Thomas died in a controversial circumstance. It was a chain of events that led to his death. According to an account, there was a protracted feud between him and Alaafin Adeyemi II, the father of the late Alaafin Lamidi Adeyemi III. Both AlhajiAdeyemi and Thomas were members of the Oyo Divisional Council. At a time, the monarch was the chairman but the position was later handed to Thomas when the monarch was still a member.
It was said that when Thomas made his first appearance as the chairman of the council on November 22, 1953; all the other councillors, except Oba Adeyemi, stood to welcome him. He then impolitely challenged the monarch for sitting while others stood to welcome him, reminding the monarch of how he respected him while he held the forte as the chairman.
With this, Oba Adeyemi who was in his 60’s at that time, felt disrespected and then asked Thomas – “Shey emi lo n gbo mobaun? emi ni on gbo bi aja mo baun, oya ma gbo lo” which translates to mean – “Is it me you are barking at like that? Is it me you are barking at like a dog? Keep barking”.
After returning from Oyo, Thomas became ill at his home in Yaba, Lagos home. It was said that he was later taken to Ijebu-Igbo for further treatment, but he eventually died onNovember 23, 1953. Thomas who died on his daughter’s second birthday at the age of 34, was said to have barked continuously until he died, without realising his full potential as a leader. He was mourned by his Oyo kinsmen, the political class and the emerging professional class. It was said that if he had been alive in 1959, he would have succeeded Chief Obafemi Awolowo as Premier of the Western Region and the region would have been saved from the rebellion of the late Chief Ladoke Akintola, the Aare Ona Kankanfo of Yoruba.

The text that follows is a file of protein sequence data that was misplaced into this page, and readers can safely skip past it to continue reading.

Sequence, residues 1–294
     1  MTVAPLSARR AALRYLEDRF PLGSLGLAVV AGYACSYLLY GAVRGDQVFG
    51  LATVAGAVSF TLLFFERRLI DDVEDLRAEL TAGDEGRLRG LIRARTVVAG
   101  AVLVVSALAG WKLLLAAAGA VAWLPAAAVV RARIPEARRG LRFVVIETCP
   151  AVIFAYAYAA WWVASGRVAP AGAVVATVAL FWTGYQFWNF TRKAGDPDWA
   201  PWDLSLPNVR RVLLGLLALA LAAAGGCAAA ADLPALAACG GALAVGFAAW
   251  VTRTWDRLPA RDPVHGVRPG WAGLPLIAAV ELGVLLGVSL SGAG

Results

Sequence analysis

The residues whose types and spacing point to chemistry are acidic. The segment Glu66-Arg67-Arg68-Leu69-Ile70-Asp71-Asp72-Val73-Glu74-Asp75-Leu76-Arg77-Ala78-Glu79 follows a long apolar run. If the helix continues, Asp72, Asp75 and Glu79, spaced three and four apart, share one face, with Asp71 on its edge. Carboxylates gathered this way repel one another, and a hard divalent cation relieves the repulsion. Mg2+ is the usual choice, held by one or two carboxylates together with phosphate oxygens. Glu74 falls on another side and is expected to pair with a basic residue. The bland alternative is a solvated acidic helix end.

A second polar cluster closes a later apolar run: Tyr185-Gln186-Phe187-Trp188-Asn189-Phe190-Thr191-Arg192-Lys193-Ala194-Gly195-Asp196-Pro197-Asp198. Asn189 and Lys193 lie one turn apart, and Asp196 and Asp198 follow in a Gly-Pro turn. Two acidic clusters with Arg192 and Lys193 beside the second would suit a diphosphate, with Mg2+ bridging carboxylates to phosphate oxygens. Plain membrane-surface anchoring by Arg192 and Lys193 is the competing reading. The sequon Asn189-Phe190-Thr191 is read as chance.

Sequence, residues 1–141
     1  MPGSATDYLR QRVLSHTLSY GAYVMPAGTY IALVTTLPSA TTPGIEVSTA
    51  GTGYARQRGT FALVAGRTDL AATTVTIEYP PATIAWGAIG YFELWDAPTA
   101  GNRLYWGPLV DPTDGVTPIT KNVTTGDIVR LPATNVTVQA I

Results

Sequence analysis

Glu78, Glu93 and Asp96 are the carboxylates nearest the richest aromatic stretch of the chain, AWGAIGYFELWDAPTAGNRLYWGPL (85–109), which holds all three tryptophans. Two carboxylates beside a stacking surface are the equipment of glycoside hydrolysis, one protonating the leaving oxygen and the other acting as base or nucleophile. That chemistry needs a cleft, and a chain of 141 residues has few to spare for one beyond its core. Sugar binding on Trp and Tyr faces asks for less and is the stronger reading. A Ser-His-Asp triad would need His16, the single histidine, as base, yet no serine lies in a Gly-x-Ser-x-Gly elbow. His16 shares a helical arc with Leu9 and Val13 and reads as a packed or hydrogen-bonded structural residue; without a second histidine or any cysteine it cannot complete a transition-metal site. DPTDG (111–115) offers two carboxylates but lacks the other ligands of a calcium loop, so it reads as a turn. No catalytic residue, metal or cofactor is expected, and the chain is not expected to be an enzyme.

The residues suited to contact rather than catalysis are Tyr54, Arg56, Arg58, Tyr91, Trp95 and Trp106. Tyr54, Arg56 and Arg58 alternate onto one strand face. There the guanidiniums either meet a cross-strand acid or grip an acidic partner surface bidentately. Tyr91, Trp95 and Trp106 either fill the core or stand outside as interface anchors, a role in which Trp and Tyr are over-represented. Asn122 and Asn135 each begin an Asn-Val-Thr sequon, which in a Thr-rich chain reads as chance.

Meanwhile, in contrast to this account, Thomas’s personal physician – Dr. Moses Adekoyejo Majekodunmi had revealed in his autobiography – My Lord, What a Morning, that Thomas had fever on his way home from Oyo. He said he administered some anti-malaria drugs as well as some sedative on him the night before his death but was informed few days after, that he had passed.
In the meantime, history has it that Oba Adeyemi II, the then Alaafin was humiliated and deposed in retaliation.
Bode Thomas’ death ultimately brings to fore the adverse effect of pride and anger, while also highlighting the importance of making impact when one can. This is ultimately in line with the words of former American President, Abraham Lincoln which states that, “In the end it is not the years in your life that count, it’s the life in your years”.
Chief Olabode Akanbi Thomas came, stayed briefly and went back to his maker at the age of 34. At his prime age, he was a frontline lawyer, nationalist politician, former Federal Transport Minister, Balogun of Oyo and he even accomplished what men who lived for a century could not achieve in an entire life time.
His successes in law practice, politics and government were hinged on his sheer resolve to triumph in the face of all odds. Little wonder a street was named after him in Lagos.